A French startup called Neoplants claims it has genetically engineered a pothos (Epipremnum aureum) plant and its associated root microbiome to create a high-tech houseplant which can do  the work of up to 30 air purifiers by absorbing volatile organic compounds from paints, cleaning supplies, building materials, and pesticides that cause headaches, eye and throat irritation, and even liver damage or cancer. Get ready for one to star in a new horror musical: “Little Shop of Filters.”

The University of St. Andrews in Scotland has set up a new SETI Detection Hub, the cross-disciplinary organization that will develop a set of alien-contact protocols for the entire world to follow in the event of a sudden encounter with an extraterrestrial or the reception of an alien message – it will create impact assessments; deliver reports that outline the implications of specific policies; and develop protocols and treatises for responding to hypothetical alien messengers. Who is going to help the aliens understand Scottish brogue?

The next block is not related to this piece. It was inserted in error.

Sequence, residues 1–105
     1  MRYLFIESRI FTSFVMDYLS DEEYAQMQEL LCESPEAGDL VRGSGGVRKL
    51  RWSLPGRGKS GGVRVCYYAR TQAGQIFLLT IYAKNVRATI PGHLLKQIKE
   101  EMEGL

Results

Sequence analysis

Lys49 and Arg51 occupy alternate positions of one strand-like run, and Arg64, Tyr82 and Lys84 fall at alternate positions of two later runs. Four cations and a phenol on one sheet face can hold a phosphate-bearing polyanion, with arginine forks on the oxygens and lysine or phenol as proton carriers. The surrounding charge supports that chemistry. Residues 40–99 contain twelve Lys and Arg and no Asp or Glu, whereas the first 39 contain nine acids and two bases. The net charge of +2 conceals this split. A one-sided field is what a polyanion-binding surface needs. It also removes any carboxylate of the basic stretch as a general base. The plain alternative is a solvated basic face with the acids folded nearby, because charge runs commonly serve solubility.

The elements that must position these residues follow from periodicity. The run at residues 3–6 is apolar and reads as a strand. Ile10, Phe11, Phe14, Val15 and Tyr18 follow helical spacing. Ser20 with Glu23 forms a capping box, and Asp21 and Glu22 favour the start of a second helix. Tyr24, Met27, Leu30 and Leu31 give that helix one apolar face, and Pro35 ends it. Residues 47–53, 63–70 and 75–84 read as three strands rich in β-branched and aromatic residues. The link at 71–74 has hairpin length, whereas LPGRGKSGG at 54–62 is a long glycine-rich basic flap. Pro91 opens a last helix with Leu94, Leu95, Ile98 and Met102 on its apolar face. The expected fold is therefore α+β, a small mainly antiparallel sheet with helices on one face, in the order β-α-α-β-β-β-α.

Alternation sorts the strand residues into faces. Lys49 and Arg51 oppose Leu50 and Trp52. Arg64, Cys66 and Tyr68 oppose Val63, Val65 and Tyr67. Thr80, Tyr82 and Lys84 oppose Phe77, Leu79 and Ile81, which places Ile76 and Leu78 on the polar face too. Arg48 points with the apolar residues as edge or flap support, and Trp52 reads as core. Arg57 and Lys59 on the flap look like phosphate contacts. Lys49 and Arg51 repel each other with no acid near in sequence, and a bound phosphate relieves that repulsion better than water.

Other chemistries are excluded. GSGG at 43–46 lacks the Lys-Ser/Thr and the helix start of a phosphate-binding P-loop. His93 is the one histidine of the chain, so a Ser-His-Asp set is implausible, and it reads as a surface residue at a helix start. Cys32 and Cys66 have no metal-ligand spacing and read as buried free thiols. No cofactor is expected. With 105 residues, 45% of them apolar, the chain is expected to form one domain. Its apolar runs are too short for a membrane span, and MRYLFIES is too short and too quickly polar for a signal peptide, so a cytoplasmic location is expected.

In yet another photo from the past showing technology of the future, a photo from Elvis Presley’s last concert in 1977 has some people convinced a person in the audience is holding a mobile phone in the air and recording the King as he moves around the stage. If the crowd around this person noticed what they were doing, why don’t they and Elvis look all shook up?

For over 10,000 years, a small population of pupfish has lived nowhere else by underground in Nevada's Devils Hole in Death Valley National Park and biologists at the University of California, Berkeley, who recently sequenced their genome found that the fish have interbred so much that the average individual shares about 58 percent of its genome with its family members and will probably inbreed themselves into extinction. Maybe they can scare the fish by showing them episodes of “The Crown.”

A man who developed paralysis and lost his ability to speak following a stroke can now communicate using a system that translates his brain's electrical signals into individual letters – he thinks of the letters using the NATO phonetic alphabet ("alpha" is A, "bravo" is B, etc.) and is ale to produce sentences from a vocabulary of more than 1,150 words at a speed of 29.4 characters per minute, or about seven words per minute. The first new innovation he wants is the ability to swear at the spell-checker.